Among the crowd, Alberto fings his way with the child, unjustly regarded as a traitor: he denies the exchange between his brother's paper and the judge's daughter. At that very moment, the tragedy takes place: Morales shoots Alberto to death. The child takes refuge in the arms of her father who, in turn, reveals to Alberto he was his missing brother. The songwriter, once he recognizes the silk scarf, feels ready to leave this world, conscious of having found the child his mother talked about on her deathbed. The last moments together with Paula and Federico are extremely moving, not only for José Luis Sola's great interpretation, but for the amazing music as well. In facts, Kolonovits combines some of the most meaningful fragments, and when Sabina Puértolas joins the tenor during the reprise of of Un alma, un aliento, is very difficult to hold tears back.
Sabina Puértolas, José Luis Sola, Josep Carreras and Laia de la Fuente.
El juez: act IV
Photo: Clásica y Tuits
Alberto's death inevitably involves a dramatic turnaround in music: Carreras, once again, perfectly expresses the inconsolable grief of his character, who looses his brother in the very moment in which he meets him. Federico was surprised to see the abbess there: "No te cansas de hacer el mal? (Aren't you tired cause pain?) he asks her, but she actually recognizes her personal failure, so that she is going to open the archives, thus aiming to her redemption. At this point, Morales remaines the only villain: in front of the Paco's camera, Manel Esteve, he resumes the march of the third act, stressing the content, and then disappears.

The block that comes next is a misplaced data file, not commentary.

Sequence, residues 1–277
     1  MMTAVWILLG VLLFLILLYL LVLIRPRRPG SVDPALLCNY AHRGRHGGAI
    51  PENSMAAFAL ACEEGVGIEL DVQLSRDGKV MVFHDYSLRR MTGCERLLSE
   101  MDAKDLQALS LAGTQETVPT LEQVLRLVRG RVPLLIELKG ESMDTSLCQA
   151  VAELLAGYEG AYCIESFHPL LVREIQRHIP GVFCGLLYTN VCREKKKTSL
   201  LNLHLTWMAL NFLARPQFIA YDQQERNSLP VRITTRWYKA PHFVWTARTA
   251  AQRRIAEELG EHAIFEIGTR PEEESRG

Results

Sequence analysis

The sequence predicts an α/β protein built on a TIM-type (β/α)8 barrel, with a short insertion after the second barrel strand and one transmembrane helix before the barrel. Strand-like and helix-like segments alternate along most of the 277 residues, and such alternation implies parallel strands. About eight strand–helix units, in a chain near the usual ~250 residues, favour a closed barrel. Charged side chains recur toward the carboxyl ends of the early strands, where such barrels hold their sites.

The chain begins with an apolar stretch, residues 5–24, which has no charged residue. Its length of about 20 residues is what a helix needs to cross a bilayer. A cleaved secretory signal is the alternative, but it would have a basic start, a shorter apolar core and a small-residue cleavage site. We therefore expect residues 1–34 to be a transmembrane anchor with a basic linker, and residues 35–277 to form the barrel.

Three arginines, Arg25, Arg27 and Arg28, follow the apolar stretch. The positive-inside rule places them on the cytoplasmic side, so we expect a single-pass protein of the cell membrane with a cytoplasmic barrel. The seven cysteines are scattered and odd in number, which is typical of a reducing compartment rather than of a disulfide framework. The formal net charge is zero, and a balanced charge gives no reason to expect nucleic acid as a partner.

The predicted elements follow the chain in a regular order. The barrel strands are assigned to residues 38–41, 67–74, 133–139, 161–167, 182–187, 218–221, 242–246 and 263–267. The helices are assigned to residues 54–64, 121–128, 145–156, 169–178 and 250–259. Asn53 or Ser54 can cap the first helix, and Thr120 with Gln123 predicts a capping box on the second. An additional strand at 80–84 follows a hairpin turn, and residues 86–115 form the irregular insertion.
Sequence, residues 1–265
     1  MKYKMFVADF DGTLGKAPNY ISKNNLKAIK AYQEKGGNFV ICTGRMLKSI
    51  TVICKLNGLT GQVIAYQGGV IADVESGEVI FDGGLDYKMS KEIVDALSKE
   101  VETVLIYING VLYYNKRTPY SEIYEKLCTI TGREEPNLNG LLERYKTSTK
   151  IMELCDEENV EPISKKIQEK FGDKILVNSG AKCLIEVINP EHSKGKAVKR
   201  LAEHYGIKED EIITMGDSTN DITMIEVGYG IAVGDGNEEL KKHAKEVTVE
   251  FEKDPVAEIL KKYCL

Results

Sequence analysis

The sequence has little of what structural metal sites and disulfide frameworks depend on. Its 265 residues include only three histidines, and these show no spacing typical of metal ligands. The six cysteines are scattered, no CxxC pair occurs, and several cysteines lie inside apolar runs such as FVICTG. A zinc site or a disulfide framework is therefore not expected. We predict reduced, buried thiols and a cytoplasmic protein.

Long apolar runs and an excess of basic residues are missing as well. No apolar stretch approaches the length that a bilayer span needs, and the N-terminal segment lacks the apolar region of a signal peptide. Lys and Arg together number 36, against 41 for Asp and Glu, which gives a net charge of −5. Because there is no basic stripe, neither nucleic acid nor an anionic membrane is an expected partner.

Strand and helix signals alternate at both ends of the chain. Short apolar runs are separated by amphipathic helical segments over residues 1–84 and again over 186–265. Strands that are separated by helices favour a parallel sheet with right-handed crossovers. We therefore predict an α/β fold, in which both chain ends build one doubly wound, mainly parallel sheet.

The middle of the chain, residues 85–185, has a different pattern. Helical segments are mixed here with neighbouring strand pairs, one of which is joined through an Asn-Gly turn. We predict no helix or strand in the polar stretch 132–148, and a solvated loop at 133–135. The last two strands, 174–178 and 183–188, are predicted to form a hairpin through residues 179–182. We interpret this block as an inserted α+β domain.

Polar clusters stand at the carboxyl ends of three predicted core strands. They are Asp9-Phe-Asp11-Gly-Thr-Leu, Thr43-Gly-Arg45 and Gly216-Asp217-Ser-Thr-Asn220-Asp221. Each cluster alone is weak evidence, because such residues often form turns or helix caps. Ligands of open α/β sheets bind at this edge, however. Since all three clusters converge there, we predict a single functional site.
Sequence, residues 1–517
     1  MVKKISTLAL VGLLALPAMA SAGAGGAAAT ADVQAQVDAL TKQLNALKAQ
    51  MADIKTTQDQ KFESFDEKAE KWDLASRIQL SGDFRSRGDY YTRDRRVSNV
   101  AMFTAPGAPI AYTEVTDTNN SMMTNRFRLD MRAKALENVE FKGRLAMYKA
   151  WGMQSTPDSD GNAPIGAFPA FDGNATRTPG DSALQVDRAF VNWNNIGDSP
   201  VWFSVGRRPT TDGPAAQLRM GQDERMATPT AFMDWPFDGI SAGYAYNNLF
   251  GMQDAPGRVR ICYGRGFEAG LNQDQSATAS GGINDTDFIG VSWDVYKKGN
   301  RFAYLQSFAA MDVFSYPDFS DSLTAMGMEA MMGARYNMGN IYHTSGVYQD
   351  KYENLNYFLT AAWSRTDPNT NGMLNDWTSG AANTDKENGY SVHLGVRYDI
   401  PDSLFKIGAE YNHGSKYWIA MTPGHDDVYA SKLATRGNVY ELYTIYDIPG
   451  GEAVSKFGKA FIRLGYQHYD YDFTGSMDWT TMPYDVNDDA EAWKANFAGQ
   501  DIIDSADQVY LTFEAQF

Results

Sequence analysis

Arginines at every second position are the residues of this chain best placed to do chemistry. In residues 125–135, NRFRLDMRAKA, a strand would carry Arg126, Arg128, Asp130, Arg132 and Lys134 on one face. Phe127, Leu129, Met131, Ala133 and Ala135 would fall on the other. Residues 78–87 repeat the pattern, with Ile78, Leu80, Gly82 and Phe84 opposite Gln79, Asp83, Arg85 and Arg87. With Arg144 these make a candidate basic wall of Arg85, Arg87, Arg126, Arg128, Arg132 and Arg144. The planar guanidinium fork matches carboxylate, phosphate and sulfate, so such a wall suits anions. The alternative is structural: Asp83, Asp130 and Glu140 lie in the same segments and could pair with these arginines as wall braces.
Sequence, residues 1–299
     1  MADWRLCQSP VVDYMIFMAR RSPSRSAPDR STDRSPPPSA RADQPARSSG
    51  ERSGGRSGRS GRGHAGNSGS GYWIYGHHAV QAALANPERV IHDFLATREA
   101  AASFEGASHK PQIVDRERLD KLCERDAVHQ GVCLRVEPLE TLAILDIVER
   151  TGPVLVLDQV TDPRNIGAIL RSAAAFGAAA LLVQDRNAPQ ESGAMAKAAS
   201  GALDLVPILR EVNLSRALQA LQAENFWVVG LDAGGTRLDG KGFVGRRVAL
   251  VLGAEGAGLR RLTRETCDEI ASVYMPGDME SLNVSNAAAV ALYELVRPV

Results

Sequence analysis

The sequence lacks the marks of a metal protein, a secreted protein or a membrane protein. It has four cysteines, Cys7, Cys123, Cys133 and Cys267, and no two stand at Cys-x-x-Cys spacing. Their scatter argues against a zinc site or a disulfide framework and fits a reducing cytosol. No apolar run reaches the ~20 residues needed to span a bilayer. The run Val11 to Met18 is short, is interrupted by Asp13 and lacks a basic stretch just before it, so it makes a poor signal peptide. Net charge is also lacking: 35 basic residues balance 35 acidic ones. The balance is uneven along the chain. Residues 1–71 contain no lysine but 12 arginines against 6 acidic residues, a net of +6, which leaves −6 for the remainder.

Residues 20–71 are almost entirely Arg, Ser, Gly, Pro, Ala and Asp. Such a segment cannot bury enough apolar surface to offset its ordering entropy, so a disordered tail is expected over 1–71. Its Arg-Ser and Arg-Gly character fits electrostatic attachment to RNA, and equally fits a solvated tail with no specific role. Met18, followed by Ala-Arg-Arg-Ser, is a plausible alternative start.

Federico is destroyed, but Paula shows him the way of forgiveness as the only possible remedy. So the journalist, despite having just lost the man she was in love with, turns out to be a key character, the symbol of hope as the only chance of salvation. Anyway , the last reflection is up to the judge, who hopes for a better future  in which good and evil go hand in hand. Sabina Puértolas joins in the last sentence, for a shared, moving finale on the word "forgiveness".

The opera was incredibly successful, both on the premiere night and in the two following performances. The final result had exceeded all expectations, and this was a real surprise, a big satisfaction for everyone. It is well known that contemporary operas must constantly struggle against prejudice and skepticism of lovers of tradition. However, the Austrian composer Christian Kolonovits was able to give life to music classical in structure, even though it combines many different kind of styles, such as musical, pop and jazz. Probably, if I had written the last sentence, just as a quote from a press review, without attending the opera myself, I  would have been perplexed. However, I confess that I am amazed at how my ear not only easily approached the music, but even appreciated it so much. It's simple and complex at the same time: it is immediate to listen to, very flowing and never heavy, deeply melodic with recurring motifs, some of which are quite lovely, which makes things much easier. Anyway, it can also complex sometimes, conceptual, in line with a well-structured and engaging plot, and a detailed characterization of the roles, some of them of considerable psychological depth.
Maestro David Giménez was very good with the Orchestra BIOS, the score was really complicated, but was resolved beautifully. Congratulations to Maestro Husan Park, for her valuable contribution.